Multiple studies demonstrate that confirmation bias can affect how experienced professionals judge the quality of work produced by their subordinates. In one instance, a controlled study found that law firm partners rated an identical legal memorandum less favorably when they believed the author to be black rather than white. Other studies show that affinity bias unfairly leaves women and minorities out of important career-advancing opportunities, such as networking, training and social interactions. This may result from older, white male lawyers unintentionally gravitating toward younger “versions of themselves.” But without the opportunities such close relationships provide, women and minorities may not progress toward leadership positions at a rate expected by their numbers and skillsets. Even if the behavior is completely unintentional, this may hinder the efforts of a profession committed to diversifying itself.

Law firms are but one example of the myriad organizations affected by forms of cognitive bias. The university setting has resulted in a multitude of studies on the subject. For example, one study on gender discrimination found that both male and female university students were more likely to prepare undesirable teaching evaluations for female faculty members in comparison to their male counterparts. Another study found that psychology professors from both sexes were more likely to hire “Brian” than “Karen” for an assistant professor position.

A recent experiment rendered the same result: researchers sent identical applications for a lab manager position, with the only difference being that some applications bore a male name, while others bore a female name. Prospective employers, regardless of gender, viewed the male applicants as significantly more competent and hirable; they also offered male applicants higher starting salaries. In each of these examples, nothing suggests that students, employers or faculty members intended to favor men over women. That favoritism was likely unconscious, and potentially related to ingrained societal expectations of gender roles.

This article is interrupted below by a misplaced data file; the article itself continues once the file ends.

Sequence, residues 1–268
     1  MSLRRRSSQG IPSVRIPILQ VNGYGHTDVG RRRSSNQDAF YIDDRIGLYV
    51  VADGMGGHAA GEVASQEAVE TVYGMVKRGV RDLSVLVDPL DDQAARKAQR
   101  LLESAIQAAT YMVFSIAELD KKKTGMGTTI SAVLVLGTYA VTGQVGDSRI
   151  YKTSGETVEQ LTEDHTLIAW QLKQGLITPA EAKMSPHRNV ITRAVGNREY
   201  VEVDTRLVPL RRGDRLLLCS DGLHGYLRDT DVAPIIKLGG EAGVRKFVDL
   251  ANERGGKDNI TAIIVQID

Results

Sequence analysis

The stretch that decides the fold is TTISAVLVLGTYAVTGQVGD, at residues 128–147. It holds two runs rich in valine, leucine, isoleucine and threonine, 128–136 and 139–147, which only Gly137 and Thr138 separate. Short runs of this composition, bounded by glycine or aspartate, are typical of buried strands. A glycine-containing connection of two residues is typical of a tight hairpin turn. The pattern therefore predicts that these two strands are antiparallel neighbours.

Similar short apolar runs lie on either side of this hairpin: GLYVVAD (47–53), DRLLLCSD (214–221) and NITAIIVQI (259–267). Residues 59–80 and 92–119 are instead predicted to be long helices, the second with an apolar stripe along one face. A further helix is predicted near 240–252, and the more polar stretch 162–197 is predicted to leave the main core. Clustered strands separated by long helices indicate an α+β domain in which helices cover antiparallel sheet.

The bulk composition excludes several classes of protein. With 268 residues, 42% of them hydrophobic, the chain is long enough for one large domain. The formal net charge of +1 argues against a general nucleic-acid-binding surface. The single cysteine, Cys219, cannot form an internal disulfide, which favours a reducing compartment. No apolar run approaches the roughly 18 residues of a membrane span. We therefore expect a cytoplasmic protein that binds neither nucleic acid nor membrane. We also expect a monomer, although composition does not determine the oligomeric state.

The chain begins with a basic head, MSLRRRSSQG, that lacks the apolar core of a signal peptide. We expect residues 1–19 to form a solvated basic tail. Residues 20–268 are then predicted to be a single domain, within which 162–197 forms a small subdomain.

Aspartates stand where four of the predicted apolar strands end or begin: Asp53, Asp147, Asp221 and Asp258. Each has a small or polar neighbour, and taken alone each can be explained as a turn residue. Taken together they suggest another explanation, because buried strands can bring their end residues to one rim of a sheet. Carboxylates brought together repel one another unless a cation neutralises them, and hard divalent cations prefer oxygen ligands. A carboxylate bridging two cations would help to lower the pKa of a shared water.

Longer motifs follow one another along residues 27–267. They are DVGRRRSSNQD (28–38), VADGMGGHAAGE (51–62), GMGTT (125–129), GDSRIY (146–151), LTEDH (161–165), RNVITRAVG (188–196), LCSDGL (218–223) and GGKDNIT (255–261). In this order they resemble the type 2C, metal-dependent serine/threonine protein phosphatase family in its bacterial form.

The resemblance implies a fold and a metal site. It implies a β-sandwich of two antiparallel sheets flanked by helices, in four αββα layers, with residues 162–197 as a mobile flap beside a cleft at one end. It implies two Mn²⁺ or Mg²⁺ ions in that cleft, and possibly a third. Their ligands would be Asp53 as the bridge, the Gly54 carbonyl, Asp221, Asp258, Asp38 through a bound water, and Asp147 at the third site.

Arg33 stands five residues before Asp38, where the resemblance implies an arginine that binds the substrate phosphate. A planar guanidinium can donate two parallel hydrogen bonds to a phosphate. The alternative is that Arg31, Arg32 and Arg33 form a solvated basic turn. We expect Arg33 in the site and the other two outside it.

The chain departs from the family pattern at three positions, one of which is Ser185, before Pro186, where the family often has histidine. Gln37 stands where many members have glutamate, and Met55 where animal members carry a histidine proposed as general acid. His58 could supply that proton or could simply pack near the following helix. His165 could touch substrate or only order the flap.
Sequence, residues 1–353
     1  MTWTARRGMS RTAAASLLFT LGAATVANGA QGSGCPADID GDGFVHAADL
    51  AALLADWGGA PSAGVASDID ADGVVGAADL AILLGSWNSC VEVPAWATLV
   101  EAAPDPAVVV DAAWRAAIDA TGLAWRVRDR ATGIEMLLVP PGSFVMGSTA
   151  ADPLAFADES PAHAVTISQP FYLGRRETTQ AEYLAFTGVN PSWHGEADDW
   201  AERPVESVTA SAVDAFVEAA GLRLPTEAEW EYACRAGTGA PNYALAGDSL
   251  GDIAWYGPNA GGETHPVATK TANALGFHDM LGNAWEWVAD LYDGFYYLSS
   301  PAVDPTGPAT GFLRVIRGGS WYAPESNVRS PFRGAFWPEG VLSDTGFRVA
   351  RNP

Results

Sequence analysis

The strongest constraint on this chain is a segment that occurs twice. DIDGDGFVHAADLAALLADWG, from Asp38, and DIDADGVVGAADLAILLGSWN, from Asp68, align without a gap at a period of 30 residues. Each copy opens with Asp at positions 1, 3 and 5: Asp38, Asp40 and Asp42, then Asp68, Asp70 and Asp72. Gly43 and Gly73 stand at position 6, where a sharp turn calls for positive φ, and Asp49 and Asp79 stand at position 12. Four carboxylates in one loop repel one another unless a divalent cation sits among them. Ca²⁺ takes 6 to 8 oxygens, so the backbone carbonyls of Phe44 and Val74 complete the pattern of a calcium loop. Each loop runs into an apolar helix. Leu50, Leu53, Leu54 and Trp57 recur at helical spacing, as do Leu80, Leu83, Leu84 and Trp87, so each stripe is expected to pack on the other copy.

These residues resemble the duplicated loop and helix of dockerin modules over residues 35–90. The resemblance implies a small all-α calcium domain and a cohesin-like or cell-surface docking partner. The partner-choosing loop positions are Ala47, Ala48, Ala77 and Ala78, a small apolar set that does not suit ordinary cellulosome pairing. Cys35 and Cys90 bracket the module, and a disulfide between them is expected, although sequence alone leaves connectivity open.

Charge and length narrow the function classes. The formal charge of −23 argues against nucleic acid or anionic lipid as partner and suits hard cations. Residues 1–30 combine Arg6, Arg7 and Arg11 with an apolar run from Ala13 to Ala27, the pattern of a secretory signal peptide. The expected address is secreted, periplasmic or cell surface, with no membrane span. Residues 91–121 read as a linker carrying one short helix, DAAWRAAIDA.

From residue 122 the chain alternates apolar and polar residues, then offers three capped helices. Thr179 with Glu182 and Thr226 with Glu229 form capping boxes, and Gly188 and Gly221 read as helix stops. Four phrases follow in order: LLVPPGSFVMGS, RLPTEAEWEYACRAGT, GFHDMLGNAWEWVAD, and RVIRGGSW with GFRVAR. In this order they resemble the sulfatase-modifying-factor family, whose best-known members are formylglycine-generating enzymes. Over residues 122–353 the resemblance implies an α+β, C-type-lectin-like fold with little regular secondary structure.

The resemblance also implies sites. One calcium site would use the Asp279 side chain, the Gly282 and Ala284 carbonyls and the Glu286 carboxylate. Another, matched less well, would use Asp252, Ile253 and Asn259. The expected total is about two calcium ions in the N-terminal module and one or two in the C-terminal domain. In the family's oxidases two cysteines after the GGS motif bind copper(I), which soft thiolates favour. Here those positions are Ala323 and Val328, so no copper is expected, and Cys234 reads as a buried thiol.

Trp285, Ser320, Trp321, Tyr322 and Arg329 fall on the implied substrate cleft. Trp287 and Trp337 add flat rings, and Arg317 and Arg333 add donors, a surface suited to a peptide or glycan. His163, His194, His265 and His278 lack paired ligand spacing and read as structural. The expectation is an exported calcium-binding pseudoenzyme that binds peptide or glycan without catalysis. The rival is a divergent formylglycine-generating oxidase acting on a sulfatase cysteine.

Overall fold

Efforts to Detect and Address Bias
Efforts to understand and address cognitive bias in the workplace must continue. The first step is awareness—making this unconscious human tendency a conscious target for improvement. Although some managers may genuinely not understand that cognitive bias affects their work-related practices, the simple decision to recognize its existence can lead to the behavioral changes needed to combat biased decision-making.

Opening channels of communication to obtain employee feedback is integral in detecting unintentional bias. Anonymous surveys of current and former employees may unearth disparities of treatment not previously understood. An anonymous complaint channel, available to all employees, may also reveal the existence of biases that harm workers and deprive the organization of a truly diversified workforce. Both of these mechanisms may allow for the development of training and procedures to help combat the problem.

On a personal level, managers should periodically reflect on whether, in retrospect, their actions reveal bias. Questions to consider include: Who am I spending most of my time mentoring and why? Have I provided every subordinate with the same opportunities? Do I have “go to” people for reasons of affinity rather than based upon skill?

Paired with genuinely good intentions, self-reflection on an organizational and personal level can help us temper our unconscious tendencies to more fairly treat others in the workplace and beyond. iBi

John Heil is a partner in Heyl Royster’s Peoria office, focusing his practice on commercial and civil rights litigation, insurance coverage disputes and the defense of catastrophic tort actions. Bide Akande is an associate in Heyl Royster’s Chicago office, concentrating his practice on commercial litigation, defense of Section 1983 and other civil rights cases, and workers’ compensation defense.